Apps: Healthcare & Fitness
My colleague Ben Stallings here at iPhone Life has just posted about how filmmaker Dan Woolley trapped under the earthquake rubble in Haiti for 65 hours used his iPhone to help in his survival.
He used the iPhone's internal alarm, and also Pocket First Aid and CPR (additional information + iTunes link).
Dan's inspirational story has been covered extensively online, on the radio and on television (NPR, MSNBC, Wired, Gizmodo, etc).
Woolley, who is from Colorado Springs and was in Haiti to film a documentary about child advocacy group, spoke with WTVJ-TV in Miami about his ordeal:
I had my iPhone with me and I had a medical app on there, so I was able to look up treatment of excessive bleeding and compound fracture," Woolley said. "So I used my shirt to tie my leg and a sock on the back of my head. And later used it for other things, like to diagnose shock:
MSNBC and the Today Show report on the story of American filmmaker Dan Woolley, who was trapped under rubble by the Haiti earthquake and survived for nearly three days with the help of his faith, his blood-stained journal, and his iPhone and (separate) camera.
He specifically credits the iPhone's alarm clock (for keeping him from falling asleep while in shock) and an app that has been identified as Pocket First Aid and CPR, by Jive Media LLC.
The App Store is like the weather. Everybody complains about it but nobody does anything about it. The store is still full of junk apps and people still buy them. But every once in a while you come across an app that is worthwhile and in this case, could actually save lives.
PocketCPR is such an app. While labeled for "TRAINING USE ONLY" and I'm sure some lawyers would have something to say about it, the idea is to guide you through Cardiopulmonary Resuscitation in an emergency. The app leverages the accelerometer to determine how well you are performing and give you audible and visual advice if you need to go faster or slower.
The free ICE App is one that everyone should have — and hopefully no one will need to use. The idea is simple: everyone is supposed to have an ICE contact in their phone, "ICE" standing for "in case of emergency." ICE App suggests that you put its icon in the upper right-hand corner of the main screen. The app lets you enter four categories of info: who you are, your emergency contacts, medical info, and allergies.
I suppose apps like this have been around for a while, but I hadn't heard of them. And I think it's a really neat idea. The free SportyPal app uses your iPhone's GPS to track your workout — running, cycling, roller-blading, walking, or whatever. The app logs your position, shows it on a map, and logs your movement, distance, speed, and calories burned while working out. You can view your workout in a map view, which shows where you went. And you can view the stats as charts or in summary fashion. Plus, it offers real-time information while you're working out, such as speed/pace, distance covered, and maximum speed.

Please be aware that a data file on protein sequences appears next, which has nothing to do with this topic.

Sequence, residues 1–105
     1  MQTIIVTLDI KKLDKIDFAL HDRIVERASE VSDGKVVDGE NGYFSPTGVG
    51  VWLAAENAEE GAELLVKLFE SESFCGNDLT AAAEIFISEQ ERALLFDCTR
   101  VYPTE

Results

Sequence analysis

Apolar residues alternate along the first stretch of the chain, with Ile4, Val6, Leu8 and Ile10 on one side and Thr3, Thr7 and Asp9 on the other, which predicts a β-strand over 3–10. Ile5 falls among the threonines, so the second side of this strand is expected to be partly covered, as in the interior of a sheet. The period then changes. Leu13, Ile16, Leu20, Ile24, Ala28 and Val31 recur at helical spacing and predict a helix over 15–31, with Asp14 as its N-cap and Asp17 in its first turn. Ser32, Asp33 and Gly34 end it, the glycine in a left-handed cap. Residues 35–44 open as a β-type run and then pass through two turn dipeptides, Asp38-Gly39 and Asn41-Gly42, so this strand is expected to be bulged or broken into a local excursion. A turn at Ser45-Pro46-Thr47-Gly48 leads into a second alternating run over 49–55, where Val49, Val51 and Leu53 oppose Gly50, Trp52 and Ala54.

Apps that help parents manage their children's health and make better healthcare decistion
As healthcare providers for young children, we’re very aware of the challenges faced by new parents and the common mistakes they make. There are a few iPhone apps that can help parents provide better healthcare for their children. Note that these apps do not replace the need to consult healthcare professionals. For example, the first app helps you track medication dosages and timing when you’re caring for a child with a fever and even gives dosage recommendations. You should always consult a professional about which medication to use and to confirm dosage and timing recommendations.
I like this app because it’s like having a first-aid instruction book with me all the time. I particularly like the Emergencies & Injuries section. If I need to know how to wrap a sprained ankle or perform the Heimlich maneuver, it’s right there in my iPhone, complete with instructions and illustrations.
This past week, the Illness Tracker App has become my best friend. (Winkpass Creations, $0.99)
I don't have to remember when I gave the kids their medicine or what their fever was. While at the doctor's office, I just opened the app and everything was right there.
If you've been paying close attention, as most developers do, to the App Store, you may have noticed some changes.
- New Releases only show BRAND NEW apps, i.e. version 1.0
- Updates are not included in the New Releases
This is potentially a good thing for users but there are some downsides.
The good news is, you won't have to search through old apps to find new gems. It might also discourage developers from submitting minor updates just to be featured on the New Releases page. That will also cut down on approval time as fewer apps need to be reviewed.